Despite its modesty, Jannis Kounellis’ diagonal wooden palisade covering one half of a wide arched window in this neoclassical building touched on some of the central issues raised by Ars 83, the largest exhibition of contemporary art ever shown in Scandinavia. The palisade worked as a membrane, bringing the exhibition room into visibility relative to it while also both distinguishing between and linking the show’s artistic context with its wider one. Out there lay Helsinki, with its peculiar mixture of Western and Russian features; the rustic gray stone walls of the Finnish National Theater, framed in the open half of the window, both evoked the period of Finnish artistic creativity at the turn of the century (when Aksel Gallen-Kallela and Jean Sibelius, for example, were active) and reminded one of Kounellis’ own walls in stone.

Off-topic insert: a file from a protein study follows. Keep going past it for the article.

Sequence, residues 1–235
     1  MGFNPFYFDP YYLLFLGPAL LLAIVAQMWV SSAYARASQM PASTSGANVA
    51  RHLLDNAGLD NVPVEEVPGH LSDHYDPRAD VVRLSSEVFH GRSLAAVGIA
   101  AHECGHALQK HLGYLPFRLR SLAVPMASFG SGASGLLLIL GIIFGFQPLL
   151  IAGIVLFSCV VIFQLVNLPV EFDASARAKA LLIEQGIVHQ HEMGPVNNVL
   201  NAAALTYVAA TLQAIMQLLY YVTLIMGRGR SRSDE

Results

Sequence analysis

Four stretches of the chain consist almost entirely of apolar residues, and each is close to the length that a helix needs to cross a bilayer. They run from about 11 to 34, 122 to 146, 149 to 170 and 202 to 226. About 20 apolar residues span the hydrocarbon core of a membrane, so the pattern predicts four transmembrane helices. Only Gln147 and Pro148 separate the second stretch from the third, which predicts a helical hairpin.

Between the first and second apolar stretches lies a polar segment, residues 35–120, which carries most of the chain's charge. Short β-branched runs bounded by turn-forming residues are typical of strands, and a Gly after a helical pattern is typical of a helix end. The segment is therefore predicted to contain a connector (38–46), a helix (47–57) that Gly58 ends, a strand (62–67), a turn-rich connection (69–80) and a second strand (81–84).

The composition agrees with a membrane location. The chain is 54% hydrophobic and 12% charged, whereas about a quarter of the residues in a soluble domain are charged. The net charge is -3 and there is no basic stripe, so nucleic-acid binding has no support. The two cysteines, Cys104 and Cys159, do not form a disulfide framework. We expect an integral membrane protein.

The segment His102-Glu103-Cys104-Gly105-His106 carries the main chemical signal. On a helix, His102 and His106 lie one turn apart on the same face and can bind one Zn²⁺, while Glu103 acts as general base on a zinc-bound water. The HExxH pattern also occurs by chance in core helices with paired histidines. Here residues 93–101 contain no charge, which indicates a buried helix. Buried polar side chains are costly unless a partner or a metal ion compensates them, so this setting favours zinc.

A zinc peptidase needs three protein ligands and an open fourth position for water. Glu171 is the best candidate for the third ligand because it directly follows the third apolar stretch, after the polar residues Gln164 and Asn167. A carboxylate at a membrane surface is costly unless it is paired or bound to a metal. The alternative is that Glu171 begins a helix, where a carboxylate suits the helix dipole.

I had expected Helsinki’s specific quality as a city bordering
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